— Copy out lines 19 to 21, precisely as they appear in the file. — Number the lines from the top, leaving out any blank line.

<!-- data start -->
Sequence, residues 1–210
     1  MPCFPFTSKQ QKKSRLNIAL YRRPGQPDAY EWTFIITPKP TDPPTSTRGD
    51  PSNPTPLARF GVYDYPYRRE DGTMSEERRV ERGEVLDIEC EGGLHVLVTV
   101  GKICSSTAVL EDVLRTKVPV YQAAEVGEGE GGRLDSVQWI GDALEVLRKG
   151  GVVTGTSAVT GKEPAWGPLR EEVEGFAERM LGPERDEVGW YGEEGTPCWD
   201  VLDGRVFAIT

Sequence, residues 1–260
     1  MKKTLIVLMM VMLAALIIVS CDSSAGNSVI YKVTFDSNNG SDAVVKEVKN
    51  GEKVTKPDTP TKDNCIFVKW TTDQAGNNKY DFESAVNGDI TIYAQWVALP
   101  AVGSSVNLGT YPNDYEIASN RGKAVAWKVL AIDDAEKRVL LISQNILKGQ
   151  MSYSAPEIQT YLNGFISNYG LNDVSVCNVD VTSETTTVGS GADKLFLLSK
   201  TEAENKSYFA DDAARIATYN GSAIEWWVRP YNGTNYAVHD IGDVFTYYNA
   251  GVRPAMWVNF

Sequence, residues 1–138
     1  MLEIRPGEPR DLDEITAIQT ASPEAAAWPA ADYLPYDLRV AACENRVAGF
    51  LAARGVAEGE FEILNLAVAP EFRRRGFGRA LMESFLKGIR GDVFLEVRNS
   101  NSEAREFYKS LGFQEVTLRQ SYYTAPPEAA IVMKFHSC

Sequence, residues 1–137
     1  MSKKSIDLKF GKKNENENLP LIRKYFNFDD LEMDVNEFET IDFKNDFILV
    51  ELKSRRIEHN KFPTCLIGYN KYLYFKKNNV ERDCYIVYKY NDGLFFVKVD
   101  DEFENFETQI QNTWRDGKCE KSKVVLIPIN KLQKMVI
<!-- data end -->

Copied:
     1  MSKKSIDLKF GKKNENENLP LIRKYFNFDD LEMDVNEFET IDFKNDFILV
    51  ELKSRRIEHN KFPTCLIGYN KYLYFKKNNV ERDCYIVYKY NDGLFFVKVD
   101  DEFENFETQI QNTWRDGKCE KSKVVLIPIN KLQKMVI